Soft skills are more important than ever. Assessing them remains a challenge

As recruiters increasingly look for well-rounded skill sets, the process for identifying them is getting more sophisticated.
article cover

Yossakorn Kaewwannarat/Getty Images

· 5 min read

Soft skills are anything but soft. In today’s remote-friendly, DE&I-conscious, intergenerational workplace, the skills associated with high emotional intelligence—empathy, active listening, conflict resolution—are increasingly valued by employers.

But soft skills are harder to test for than, say, proficiency in a programming language.

“Soft skills are less binary [and] also more contextualized,” said Deborah Everhart, chief strategy officer at Credential Engine, a nonprofit that aims to make the wide range of microcredentials—such as certificates earned from boot camps or online courses—more transparent to workers and employers.

Many HR teams have started adopting a skills-based approach to talent strategy. In doing so, they’ve realized a keen need to hire for soft skills. But the standard interview process does not always allow employers to identify and assess candidates’ soft skills. As a result, they’re considering new hiring processes.

Defining these skills. Naomi Boyer, executive director of digital transformation at the Education Design Lab (EDL), works with educators and business leaders, including many in HR, to develop frameworks for assessing the skills they’re looking for in prospective students and employees. Her preferred term for soft skills is “21st century skills.”

“Employers often say we can train the technical, [but] we can’t train the 21st century skills. We need people to be coming in with the skills, and they’re not showing up job-ready,” she told HR Brew. “Everyone’s trying to figure out the best way to do this.”

EDL’s research-backed framework tests (sometimes using extended or virtual reality) for soft skills across nine competencies—including empathy, resilience, and creative problem-solving—each with four sub-competencies, such as active listening and self-awareness.

“All of those assessments are performance-based,” Boyer said. “They are more contextualized, and they have to be completed at mastery in order to earn digital microcredentials.”

EDL is also working on ways to use existing data—such as a worker’s ratings on a freelancer platform—to determine the strength of their soft skills. Boyer said some platforms, including Fiverr’s and, offer some positive correlation.

“These crowdsourcing pieces could be a way for us to elevate and validate that someone might have those skills,” Boyer said.

A framework for 21st Century skills, made in the style of a metro map.

Education Design Lab

Who has these skills? Soft skills can be developed in many ways, not just through an office job. Cashiers, hospitality workers, and receptionists, for example, all require soft skills to do their jobs. “Individuals have existing skills that are often not elevated or captured or validated as part of the job process,” Boyer said.

Quick-to-read HR news & insights

From recruiting and retention to company culture and the latest in HR tech, HR Brew delivers up-to-date industry news and tips to help HR pros stay nimble in today’s fast-changing business environment.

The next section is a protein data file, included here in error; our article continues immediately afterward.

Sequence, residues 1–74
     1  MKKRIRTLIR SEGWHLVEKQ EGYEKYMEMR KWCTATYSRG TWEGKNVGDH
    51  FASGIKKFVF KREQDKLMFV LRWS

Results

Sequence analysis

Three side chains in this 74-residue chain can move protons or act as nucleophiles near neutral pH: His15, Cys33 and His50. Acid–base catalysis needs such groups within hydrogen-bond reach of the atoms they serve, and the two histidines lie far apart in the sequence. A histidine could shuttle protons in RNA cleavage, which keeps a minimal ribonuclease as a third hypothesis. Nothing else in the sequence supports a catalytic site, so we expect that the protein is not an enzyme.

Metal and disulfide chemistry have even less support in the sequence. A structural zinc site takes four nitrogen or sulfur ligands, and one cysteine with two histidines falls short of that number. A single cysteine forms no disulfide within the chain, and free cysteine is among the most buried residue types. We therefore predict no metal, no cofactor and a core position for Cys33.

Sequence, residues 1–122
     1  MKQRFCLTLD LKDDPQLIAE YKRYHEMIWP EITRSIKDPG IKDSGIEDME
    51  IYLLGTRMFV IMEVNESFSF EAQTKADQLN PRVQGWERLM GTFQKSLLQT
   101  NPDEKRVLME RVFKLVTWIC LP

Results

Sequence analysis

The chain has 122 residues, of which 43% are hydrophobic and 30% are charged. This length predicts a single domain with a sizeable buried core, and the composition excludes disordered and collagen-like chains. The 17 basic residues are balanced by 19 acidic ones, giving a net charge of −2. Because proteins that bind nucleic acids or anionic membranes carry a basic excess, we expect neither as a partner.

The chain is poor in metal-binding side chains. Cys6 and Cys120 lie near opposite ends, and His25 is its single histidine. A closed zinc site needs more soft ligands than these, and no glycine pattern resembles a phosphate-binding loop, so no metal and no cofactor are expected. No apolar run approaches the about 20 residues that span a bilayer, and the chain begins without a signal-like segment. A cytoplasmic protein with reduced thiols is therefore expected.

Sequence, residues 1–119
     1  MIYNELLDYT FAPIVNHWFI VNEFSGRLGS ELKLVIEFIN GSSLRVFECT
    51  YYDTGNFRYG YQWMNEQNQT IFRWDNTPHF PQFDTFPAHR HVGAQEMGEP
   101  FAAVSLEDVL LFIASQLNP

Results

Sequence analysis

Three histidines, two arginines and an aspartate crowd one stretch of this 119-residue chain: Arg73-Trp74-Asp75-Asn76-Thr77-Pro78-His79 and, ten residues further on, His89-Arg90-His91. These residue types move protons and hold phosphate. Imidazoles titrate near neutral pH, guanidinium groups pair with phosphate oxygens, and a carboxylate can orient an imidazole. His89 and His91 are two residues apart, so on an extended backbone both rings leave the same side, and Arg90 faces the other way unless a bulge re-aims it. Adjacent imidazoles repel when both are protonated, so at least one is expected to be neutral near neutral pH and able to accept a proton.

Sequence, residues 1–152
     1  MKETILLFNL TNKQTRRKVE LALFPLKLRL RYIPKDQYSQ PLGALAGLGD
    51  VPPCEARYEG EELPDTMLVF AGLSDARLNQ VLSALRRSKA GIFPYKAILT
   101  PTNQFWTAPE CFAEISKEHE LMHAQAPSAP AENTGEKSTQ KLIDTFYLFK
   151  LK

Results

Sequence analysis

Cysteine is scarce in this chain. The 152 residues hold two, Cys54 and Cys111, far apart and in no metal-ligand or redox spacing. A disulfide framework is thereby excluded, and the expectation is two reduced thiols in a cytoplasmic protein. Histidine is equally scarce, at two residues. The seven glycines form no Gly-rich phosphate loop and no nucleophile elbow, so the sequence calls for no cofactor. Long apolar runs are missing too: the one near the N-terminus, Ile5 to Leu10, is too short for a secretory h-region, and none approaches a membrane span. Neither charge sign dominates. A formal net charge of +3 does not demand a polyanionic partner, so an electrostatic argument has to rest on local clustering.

Everhart has first-hand experience with this dichotomy. As a PhD in medieval studies, she found herself working in product management at educational software companies Blackboard and Cengage. Working in a computer lab as a teaching assistant gave her an understanding of how educators use technology and made her a strong candidate for product management roles, despite the seeming incongruity with her degree.

“That’s a transferable skill, which is someone who can communicate with techies even when they’re not a techie,” Everhart explained. She said that leading with that helped her make the connection to product roles for technology companies.

Putting it into practice. Opportunity@Work, a nonprofit focused on equity in the workplace, identified 51 “gateway jobs” (typically low-wage, hourly jobs, such as retail associate), as well as the skills workers in those jobs bring to the table and the higher-wage jobs for which their skills might make them well suited. The goal is to show employers who they might be overlooking by focusing on, say, college degrees, rather than demonstrable skills.

To open the pipeline, recruiters need to start by refocusing job descriptions.

“Look at pedigree- or credential-based job descriptions,” Audrey Mickahail, VP of insights services at Opportunity@Work, told HR Brew. “It’s everything but the kitchen sink…a laundry list of skills and experiences, and they’re often not particularly precise about what is actually differentiating about a job.”

Mickahail and Boyer recommended that recruiters elevate soft skills in job descriptions, list fewer skills requirements, and be open-minded about where those skills are learned.

“It’s incumbent upon employers to be pragmatic about…what trade-offs they’re willing to take,” Mickahail said. “Hiring managers and HR professionals [need] to think deeply about what predicts success in general and what are the few key things that an individual really needs to know, really needs to have experienced, before joining.”—AK

Do you work in HR or have information about your HR department we should know? Email [email protected] or DM @AmanfromCT on Twitter. For completely confidential conversations, ask Aman for his number on Signal.

Quick-to-read HR news & insights

From recruiting and retention to company culture and the latest in HR tech, HR Brew delivers up-to-date industry news and tips to help HR pros stay nimble in today’s fast-changing business environment.